In like a lion, out like a lamb. It's a saying typically used to describe the weather in March. But it could also be used to characterize the trend we saw in global exchange-traded product (ETP) flows as we transitioned out of March and into April.
Year-to-date flows into global exchange-traded products have reached $79.9 billion, outpacing the $66.3 billion of inflows gathered in that same period last year. But global ETP flows slowed in April to $10.3 billion as investor sentiment cooled given less positive economic growth forecasts.
The month's $9.5 billion of flows into fixed-income ETPs and $9.6 billion of flows into stock funds were offset by $8.7 billion of outflows from gold ETPs. Lower U.S. inflation expectations, a disappointing Chinese GDP report, and rumors of potential gold reserve sales by distressed European countries triggered the largest gold spot price decline in 30 years.
This cautious investor mindset was also reflected in fixed-income ETP flows. These funds attracted $9.5 billion in April, the best performance since May 2012, with U.S. Treasuries funds leading the way. U.S. Treasuries garnered $2.2 billion of inflows despite a continued environment of persistently low yields. Short maturity funds also remained a focus, gathering $5.6 billion, although it's worth noting that other maturities fared well for the second straight month after a slow start to the year.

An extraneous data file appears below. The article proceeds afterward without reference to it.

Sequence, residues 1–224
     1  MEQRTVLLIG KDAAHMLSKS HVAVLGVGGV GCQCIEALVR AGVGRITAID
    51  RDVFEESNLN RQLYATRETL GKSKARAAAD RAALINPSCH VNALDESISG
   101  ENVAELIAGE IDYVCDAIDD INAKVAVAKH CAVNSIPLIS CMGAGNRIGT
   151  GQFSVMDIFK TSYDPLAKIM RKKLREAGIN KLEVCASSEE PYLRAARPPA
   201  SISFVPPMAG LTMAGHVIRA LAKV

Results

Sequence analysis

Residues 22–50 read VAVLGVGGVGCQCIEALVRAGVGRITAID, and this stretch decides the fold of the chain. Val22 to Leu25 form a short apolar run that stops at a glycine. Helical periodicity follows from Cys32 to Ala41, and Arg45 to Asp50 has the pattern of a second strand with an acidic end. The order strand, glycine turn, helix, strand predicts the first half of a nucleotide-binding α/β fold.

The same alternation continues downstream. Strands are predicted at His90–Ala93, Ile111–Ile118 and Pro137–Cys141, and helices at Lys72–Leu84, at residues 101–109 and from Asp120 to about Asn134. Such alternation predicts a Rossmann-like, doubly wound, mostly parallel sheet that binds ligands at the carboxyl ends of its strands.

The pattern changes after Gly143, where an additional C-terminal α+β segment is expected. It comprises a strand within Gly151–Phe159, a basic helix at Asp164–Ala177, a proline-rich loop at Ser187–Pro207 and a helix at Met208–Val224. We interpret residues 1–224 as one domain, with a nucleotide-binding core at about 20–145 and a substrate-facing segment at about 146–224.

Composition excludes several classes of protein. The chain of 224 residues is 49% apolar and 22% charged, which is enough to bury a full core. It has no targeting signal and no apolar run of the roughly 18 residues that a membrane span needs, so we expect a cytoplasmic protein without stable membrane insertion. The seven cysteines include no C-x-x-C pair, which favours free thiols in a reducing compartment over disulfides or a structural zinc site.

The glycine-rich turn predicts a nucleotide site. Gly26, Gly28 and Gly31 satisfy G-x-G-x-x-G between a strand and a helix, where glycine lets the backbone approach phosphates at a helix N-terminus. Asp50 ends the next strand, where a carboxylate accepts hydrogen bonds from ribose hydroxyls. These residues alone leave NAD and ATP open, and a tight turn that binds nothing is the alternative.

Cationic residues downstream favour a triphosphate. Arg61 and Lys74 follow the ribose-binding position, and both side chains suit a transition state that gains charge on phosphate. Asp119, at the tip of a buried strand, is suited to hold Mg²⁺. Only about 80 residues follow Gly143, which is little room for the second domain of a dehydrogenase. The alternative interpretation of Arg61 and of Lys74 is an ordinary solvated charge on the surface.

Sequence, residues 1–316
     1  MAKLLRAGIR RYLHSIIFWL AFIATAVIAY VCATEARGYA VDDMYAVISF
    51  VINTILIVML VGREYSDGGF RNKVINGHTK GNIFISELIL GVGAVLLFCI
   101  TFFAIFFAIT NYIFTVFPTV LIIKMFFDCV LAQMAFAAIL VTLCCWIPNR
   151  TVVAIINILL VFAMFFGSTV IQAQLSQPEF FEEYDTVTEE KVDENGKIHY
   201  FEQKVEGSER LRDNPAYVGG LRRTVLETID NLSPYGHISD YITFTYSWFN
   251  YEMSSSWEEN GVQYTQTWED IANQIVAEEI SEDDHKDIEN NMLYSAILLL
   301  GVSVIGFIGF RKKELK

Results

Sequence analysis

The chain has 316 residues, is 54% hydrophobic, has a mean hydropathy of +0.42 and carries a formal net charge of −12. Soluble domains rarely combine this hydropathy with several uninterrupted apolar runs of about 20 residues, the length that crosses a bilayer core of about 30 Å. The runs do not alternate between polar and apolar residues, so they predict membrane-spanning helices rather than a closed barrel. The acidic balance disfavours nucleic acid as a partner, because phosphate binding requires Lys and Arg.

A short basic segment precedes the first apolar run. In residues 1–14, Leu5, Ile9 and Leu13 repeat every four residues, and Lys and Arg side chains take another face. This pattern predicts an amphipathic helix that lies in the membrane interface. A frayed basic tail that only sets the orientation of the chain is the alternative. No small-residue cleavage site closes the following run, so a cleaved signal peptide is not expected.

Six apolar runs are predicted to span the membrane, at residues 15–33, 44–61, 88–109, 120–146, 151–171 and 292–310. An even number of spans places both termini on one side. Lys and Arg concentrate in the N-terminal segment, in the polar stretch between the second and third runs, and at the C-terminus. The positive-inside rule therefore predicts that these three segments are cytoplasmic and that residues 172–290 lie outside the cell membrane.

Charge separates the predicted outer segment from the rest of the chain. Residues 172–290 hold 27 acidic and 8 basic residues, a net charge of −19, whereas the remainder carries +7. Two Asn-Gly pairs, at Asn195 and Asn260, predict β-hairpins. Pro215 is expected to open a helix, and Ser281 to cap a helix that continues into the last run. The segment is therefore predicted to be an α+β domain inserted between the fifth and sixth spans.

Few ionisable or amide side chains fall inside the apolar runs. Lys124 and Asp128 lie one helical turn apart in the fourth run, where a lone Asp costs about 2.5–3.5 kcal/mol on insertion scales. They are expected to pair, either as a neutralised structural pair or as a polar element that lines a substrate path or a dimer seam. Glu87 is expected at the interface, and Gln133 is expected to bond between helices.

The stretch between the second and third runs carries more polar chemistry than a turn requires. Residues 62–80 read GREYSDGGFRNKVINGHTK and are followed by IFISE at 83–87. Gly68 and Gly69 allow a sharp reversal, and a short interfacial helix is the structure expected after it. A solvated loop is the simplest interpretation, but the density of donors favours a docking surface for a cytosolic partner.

Meanwhile, global stock funds took in $9.6 billion, which was down from $18 billion in March, despite the S&P 500 remaining near its all-time high. U.S. large-cap stock funds swung to outflows mid-month on the heels of lackluster reports on U.S. and Chinese economic growth, but finished the month in positive territory with inflows of $1.7 billion. Investor preference for developed markets over emerging also continued, albeit at a slower pace than prior months with $3.5 billion in outflows for April among ETPs offering emerging-market equity exposure. Within developed markets, ETPs offering exposure to Japan equities led the way, taking in another $4.8 billion in new assets for the month.
In an interesting development, non-market-cap-weighted funds have captured 42% of equity ETP flows year to date. That is more than two times their share of equity assets. A big driver of this growth is investor demand for dividend income funds, with these ETPs attracting $3.4 billion of flows in April -- a new record monthly high. Also driving this growth into non-market cap weighted funds -- flows into minimum volatility funds. The concept behind these funds is that they track indexes that seek to capture the broad equity market exposure of a particular market segment -- like emerging markets or global stocks -- with a reduced amount of volatility. This focus by investors on non-market-cap-weighted funds is a trend we are keeping our eye on and will delve into in more depth in a future article.
Sources: Bloomberg, BlackRock.
Disclaimer: There is no guarantee that minimum volatility funds will attain a more conservative level of risk, especially during periods of extreme market conditions.